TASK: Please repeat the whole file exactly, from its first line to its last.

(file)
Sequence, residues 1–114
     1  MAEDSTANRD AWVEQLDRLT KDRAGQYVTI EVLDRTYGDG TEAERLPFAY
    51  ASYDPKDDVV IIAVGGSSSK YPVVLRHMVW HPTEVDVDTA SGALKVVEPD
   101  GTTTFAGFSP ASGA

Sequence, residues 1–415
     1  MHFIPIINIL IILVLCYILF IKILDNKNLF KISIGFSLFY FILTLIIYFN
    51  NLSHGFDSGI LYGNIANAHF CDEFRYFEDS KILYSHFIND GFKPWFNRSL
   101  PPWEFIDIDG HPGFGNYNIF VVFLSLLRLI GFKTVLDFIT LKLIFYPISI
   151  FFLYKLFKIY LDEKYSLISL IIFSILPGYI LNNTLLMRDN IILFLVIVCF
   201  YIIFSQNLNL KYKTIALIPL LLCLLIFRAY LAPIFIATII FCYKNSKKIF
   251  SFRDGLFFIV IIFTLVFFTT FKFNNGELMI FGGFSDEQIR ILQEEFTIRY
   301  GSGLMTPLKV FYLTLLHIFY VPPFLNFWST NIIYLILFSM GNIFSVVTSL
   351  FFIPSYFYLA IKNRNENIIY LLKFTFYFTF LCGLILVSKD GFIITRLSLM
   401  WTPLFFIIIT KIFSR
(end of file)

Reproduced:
Sequence, residues 1–114
     1  MAEDSTANRD AWVEQLDRLT KDRAGQYVTI EVLDRTYGDG TEAERLPFAY
    51  ASYDPKDDVV IIAVGGSSSK YPVVLRHMVW HPTEVDVDTA SGALKVVEPD
   101  GTTTFAGFSP ASGA

Sequence, residues 1–415
     1  MHFIPIINIL IILVLCYILF IKILDNKNLF KISIGFSLFY FILTLIIYFN
    51  NLSHGFDSGI LYGNIANAHF CDEFRYFEDS KILYSHFIND GFKPWFNRSL
   101  PPWEFIDIDG HPGFGNYNIF VVFLSLLRLI GFKTVLDFIT LKLIFYPISI
   151  FFLYKLFKIY LDEKYSLISL IIFSILPGYI LNNTLLMRDN IILFLVIVCF
   201  YIIFSQNLNL KYKTIALIPL LLCLLIFRAY LAPIFIATII FCYKNSKKIF
   251  SFRDGLFFIV IIFTLVFFTT FKFNNGELMI FGGFSDEQIR ILQEEFTIRY
   301  GSGLMTPLKV FYLTLLHIFY VPPFLNFWST NIIYLILFSM GNIFSVVTSL
   351  FFIPSYFYLA IKNRNENIIY LLKFTFYFTF LCGLILVSKD GFIITRLSLM
   401  WTPLFFIIIT KIFSR